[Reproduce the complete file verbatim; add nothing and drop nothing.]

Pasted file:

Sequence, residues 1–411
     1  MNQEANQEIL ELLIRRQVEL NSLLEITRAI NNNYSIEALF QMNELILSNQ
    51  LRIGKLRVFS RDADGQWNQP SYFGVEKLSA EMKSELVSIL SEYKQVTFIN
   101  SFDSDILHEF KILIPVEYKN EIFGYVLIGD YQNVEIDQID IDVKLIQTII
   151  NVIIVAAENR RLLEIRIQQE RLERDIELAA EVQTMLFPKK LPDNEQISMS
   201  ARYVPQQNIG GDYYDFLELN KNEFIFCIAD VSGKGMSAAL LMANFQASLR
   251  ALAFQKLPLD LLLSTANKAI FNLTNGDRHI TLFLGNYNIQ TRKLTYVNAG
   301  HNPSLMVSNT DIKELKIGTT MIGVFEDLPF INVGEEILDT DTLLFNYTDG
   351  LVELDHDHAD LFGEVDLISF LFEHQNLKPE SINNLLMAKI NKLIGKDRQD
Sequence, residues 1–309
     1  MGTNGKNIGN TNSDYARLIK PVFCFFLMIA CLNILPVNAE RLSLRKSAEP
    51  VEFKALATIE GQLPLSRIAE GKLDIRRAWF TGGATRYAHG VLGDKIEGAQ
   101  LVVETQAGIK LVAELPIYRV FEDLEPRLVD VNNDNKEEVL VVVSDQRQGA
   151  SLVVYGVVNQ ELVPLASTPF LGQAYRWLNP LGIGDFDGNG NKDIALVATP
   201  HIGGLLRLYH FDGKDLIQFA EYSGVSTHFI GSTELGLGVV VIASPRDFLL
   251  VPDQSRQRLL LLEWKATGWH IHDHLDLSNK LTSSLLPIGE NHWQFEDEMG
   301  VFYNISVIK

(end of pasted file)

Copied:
Sequence, residues 1–411
     1  MNQEANQEIL ELLIRRQVEL NSLLEITRAI NNNYSIEALF QMNELILSNQ
    51  LRIGKLRVFS RDADGQWNQP SYFGVEKLSA EMKSELVSIL SEYKQVTFIN
   101  SFDSDILHEF KILIPVEYKN EIFGYVLIGD YQNVEIDQID IDVKLIQTII
   151  NVIIVAAENR RLLEIRIQQE RLERDIELAA EVQTMLFPKK LPDNEQISMS
   201  ARYVPQQNIG GDYYDFLELN KNEFIFCIAD VSGKGMSAAL LMANFQASLR
   251  ALAFQKLPLD LLLSTANKAI FNLTNGDRHI TLFLGNYNIQ TRKLTYVNAG
   301  HNPSLMVSNT DIKELKIGTT MIGVFEDLPF INVGEEILDT DTLLFNYTDG
   351  LVELDHDHAD LFGEVDLISF LFEHQNLKPE SINNLLMAKI NKLIGKDRQD
Sequence, residues 1–309
     1  MGTNGKNIGN TNSDYARLIK PVFCFFLMIA CLNILPVNAE RLSLRKSAEP
    51  VEFKALATIE GQLPLSRIAE GKLDIRRAWF TGGATRYAHG VLGDKIEGAQ
   101  LVVETQAGIK LVAELPIYRV FEDLEPRLVD VNNDNKEEVL VVVSDQRQGA
   151  SLVVYGVVNQ ELVPLASTPF LGQAYRWLNP LGIGDFDGNG NKDIALVATP
   201  HIGGLLRLYH FDGKDLIQFA EYSGVSTHFI GSTELGLGVV VIASPRDFLL
   251  VPDQSRQRLL LLEWKATGWH IHDHLDLSNK LTSSLLPIGE NHWQFEDEMG
   301  VFYNISVIK